In the early stages, the difference between the forearm bones is made up (the longer radius is shortened) and by decreasing the pressure on Lunatum, the collapse is prevented (figure 8 and 9). One of the most significant advantages of this method is that no joint stiffness is observed after the surgery as no intervention is performed to the wrist joint. In some cases, even the patient has Kienbökc’s Disease, his forearm bone (ulna) is not shorter. Thus, with a different surgical method, the small bones on the wrist joint are fixed and the pressure is decreased (figure 10). there will be joint stiffness aftwer the surgery as an intervention is performed to the wrist joint (limitation of movement is observed). This limitation is generally permanent and it is difficult to propose the amouunt of dysmotility to be encountered. The pain is relieved after both surgeries. Another method is the intervention to provide the blood streeam to the bone again.

In the advanced stages, the only surgeries to be performed are the removal of some of the wrist joint bones (proximal line carpectomy) or fixation the wrist joint as a whole (arthrodesis) (figure 11 and 12). In the first option, the amount of permanent dysmotility on the wrist joint after the surgery is low and the pain is relieved in time. Besides, a more strengthless hand and wrist is acquired. In the second option, while there is no loss of strenght after the surgery, all the hand movements are sacrified. In the selection of the surgical method, the preference, occupation, needs and daily life activites of the patient should be taken into consideration as much as the stage of the disease.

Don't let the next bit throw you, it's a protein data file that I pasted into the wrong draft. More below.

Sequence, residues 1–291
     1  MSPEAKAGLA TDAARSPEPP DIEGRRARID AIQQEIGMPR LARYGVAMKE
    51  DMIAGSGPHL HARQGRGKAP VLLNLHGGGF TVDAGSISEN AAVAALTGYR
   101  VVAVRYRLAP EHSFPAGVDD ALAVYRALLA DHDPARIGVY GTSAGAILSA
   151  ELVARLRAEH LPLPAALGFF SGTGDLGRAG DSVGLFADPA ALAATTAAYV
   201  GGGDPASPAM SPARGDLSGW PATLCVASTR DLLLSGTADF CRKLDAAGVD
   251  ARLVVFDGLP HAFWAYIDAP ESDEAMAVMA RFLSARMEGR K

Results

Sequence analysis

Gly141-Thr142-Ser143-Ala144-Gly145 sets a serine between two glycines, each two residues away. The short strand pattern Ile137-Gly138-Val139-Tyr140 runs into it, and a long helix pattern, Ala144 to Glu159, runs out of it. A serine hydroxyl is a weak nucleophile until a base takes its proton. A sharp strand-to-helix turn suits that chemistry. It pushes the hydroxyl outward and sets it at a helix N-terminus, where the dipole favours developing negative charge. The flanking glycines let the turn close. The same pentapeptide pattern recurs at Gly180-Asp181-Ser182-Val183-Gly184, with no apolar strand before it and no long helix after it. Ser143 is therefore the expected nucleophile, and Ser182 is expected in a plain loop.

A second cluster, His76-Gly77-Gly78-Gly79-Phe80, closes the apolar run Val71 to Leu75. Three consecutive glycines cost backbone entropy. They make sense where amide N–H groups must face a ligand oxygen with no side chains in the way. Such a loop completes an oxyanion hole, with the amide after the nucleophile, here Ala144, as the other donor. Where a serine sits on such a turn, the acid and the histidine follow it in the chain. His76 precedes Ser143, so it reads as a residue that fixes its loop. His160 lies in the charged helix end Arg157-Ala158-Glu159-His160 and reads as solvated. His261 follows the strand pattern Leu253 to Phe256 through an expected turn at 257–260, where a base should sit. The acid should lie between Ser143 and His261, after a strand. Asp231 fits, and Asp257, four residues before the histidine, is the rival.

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(Figure 8)
(Figure 9)
(Figure 10)

 

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(Figure11)
(Figure 12)

 

WHAT IS THE PROGRESS OF SURGICAL TREATMENT, WHAT IS AHEAD OF US?

After your consultation with the Orthopedician or Hand Surgeon, X-Rays and MR examinations shall be performed. Even rarely, bone scintigraphy or CT (computerized tomography) may be required. What is aimed here is the determination of not only the diagnosis but also the stage of the disease. The stage of the disease has great importance on the selection of the operation to be performed. Your condtions are also equally important. The effect of your right or left hand, your occupation and expectations are also to be taken into consideration. In most of the surgical methods, one day of hospitalization shall be enough. During your consultation with the anesthiologist, you should mention about your special conditions (chronic diseases, regularly taken medicatio etc.). Most of the surgical operations regarding the Kienböck’s Disease are performed under local anesthesia. In the early postop period (first 3 to 5 days), cold application and keeping your hand above the heart level will relieve the pain and throbbing. After the operations, mostly a plaster or a splint extending to the elbow joint is applied. The period of the splint or the plaster may change from 3 weeks to 3 months as required by the surgical method performed. After this period, physical therapy and rehabiltation starts. The aim here iis to gain the strenght of hand, wqrist and the arm and to minimize the loss of motion. The period may change in accordance with the performed surgical operation and the condition of your wrist.

PROBABLE COMPLICATIONS

The most common complications are hematoma on the surgically operated area, infection, compression and pressure feeling due to the plaster, limitation of finger movements due to the tissue adhesion on the surgically operated area, chronic pain (RSD), gettin late or never getting the expected results.
It should not be forgotten that the Kienböck treatment is a hard and long term to take months. In some cases, if the progress of the disease is not prevented, another surgical intervention may be required.